Bioengineering students take top prize at hackathon
After an action-packed 24 hours, three UIC Bioengineering students developed a medical device solution that would lead to more successful treatments of gastroschisis in Rwanda, which won first prize during the Global Surgery Student Alliance Hackathon hosted recently by Baylor and Harvard University. To win the event, Mehreen Ali, Safa Hameed and Lubna Shah and drew a lot of their knowledge and problem-solving skills from their classes at UIC.
“You have to think outside your box and actually apply what is happening around you and take into consideration your real-world limitations,” said Hameed, a junior in bioengineering and vice president of UIC WISE Med.
During the event, keynote speakers highlighted requirements needed for their global surgery problem, then participants had four hours to work on their solution, keeping in mind that the devices needed to be low cost, sustainable, intuitive and durable. Students had to conduct research on the problem statement, consider and repurpose readily available materials in low-and middle-income countries, such as old and used medical devices the hospital received from other countries, and create a viable solution, which culminated in a video presentation with their findings, all within a few hours.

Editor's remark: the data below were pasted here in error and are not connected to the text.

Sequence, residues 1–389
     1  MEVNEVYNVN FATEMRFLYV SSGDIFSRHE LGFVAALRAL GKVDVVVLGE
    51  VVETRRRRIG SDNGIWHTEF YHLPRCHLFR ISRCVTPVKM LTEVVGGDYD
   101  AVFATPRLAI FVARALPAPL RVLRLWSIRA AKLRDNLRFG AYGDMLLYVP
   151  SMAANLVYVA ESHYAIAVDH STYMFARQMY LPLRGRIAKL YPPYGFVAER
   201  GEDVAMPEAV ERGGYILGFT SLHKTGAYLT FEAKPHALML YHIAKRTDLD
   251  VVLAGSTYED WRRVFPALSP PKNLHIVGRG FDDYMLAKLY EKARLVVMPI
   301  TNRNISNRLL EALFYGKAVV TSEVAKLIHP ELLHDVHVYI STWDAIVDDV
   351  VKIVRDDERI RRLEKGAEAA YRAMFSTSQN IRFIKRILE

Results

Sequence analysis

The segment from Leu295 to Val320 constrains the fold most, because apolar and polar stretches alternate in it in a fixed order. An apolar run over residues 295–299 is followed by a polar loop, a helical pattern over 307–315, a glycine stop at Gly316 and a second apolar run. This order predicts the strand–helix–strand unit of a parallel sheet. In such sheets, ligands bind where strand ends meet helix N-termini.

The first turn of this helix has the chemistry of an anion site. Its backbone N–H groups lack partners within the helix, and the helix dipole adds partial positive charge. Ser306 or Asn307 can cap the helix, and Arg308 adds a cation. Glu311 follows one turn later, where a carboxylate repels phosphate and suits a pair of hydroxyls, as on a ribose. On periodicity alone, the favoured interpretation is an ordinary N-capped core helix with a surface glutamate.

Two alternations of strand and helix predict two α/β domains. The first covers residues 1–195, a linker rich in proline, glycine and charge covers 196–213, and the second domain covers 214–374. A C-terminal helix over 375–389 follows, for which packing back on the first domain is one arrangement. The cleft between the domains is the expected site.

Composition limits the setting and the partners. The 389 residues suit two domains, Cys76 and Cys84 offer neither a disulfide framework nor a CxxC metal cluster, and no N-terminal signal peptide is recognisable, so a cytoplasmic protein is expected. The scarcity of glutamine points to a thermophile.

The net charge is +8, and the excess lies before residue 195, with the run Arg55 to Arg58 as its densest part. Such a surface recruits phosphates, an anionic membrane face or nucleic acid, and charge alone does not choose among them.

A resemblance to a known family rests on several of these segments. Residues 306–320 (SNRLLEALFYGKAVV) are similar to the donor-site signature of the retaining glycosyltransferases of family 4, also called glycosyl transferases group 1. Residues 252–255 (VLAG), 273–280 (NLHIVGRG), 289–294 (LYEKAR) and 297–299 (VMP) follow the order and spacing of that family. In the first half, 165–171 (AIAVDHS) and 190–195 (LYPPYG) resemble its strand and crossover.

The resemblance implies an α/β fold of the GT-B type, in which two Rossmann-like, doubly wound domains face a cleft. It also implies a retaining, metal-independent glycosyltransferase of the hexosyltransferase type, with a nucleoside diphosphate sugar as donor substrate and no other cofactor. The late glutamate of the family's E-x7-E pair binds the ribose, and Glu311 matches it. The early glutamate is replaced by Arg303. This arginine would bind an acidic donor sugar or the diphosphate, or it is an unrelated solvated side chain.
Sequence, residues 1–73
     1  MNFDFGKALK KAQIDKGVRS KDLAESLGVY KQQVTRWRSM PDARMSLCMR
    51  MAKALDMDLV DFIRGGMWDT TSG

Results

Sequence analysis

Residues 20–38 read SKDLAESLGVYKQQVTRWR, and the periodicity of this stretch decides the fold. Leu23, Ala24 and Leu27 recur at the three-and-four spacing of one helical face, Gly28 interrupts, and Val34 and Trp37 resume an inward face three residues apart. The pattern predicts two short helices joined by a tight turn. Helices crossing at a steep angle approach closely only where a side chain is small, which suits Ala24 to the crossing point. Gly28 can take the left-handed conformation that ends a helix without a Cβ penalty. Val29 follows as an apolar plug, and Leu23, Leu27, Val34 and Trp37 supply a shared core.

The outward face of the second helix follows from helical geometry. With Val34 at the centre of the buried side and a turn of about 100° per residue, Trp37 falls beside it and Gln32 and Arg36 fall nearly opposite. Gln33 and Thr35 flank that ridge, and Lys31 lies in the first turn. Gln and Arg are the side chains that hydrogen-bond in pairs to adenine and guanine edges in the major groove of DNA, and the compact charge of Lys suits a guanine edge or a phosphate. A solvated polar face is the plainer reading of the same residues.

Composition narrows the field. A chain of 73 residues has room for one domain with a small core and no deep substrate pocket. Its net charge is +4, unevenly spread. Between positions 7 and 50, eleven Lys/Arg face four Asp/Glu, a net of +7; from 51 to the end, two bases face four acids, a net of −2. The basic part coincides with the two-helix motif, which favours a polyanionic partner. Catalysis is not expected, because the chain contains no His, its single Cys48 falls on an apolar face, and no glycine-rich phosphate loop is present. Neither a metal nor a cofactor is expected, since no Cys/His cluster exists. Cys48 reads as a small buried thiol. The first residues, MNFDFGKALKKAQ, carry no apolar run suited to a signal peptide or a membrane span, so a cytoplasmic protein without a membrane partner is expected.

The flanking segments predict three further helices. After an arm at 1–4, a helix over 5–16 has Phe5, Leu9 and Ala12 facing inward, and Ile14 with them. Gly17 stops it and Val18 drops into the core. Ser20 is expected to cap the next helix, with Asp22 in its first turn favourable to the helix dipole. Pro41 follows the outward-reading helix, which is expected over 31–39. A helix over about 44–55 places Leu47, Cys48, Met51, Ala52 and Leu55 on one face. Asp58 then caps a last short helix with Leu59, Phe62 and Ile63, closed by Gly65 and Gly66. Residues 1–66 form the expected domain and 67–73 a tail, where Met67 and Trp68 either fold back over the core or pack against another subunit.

Their medical device solution specifically focused on a heated blanket that could be assembled on-site and required no form of electricity to function.
“The problem we choose, gastroschisis in Rwanda, is a birth defect that requires an operation after birth, but the problem was, if the baby is born in a local hospital, they would need to be relocated to operate. Otherwise, the baby can suffer from hypothermia, which can lead to death,” said Shah, a junior and service committee member of the Honors College Advisory Board. “A blanket was the first thing that came to mind. A blanket is low cost and can be found anywhere, but a heated blanket was our initial idea, so we went with it.”
The hackathon was a unique experience that allowed participants to apply their medical device development and project management skills, as well as learn more about the global health field from current experts.
“Being able to receive feedback on our solution from field experts and discuss their experiences with them lent a new perspective on global health that I would have not been exposed to otherwise,” said Ali, a junior and secretary of the UIC Chapter of Biomedical Engineering Society.
The GSSA Hackathons are open to students from many majors. Click here to sign up for the Major League Hacking updates.
“All engineering and computer science majors should try to participate in a hackathon at least once throughout their undergraduate career because there’s so many skills you can apply and develop, as well as connections you can form with students from other institutions, so it’s a win-win-win situation,” Ali said.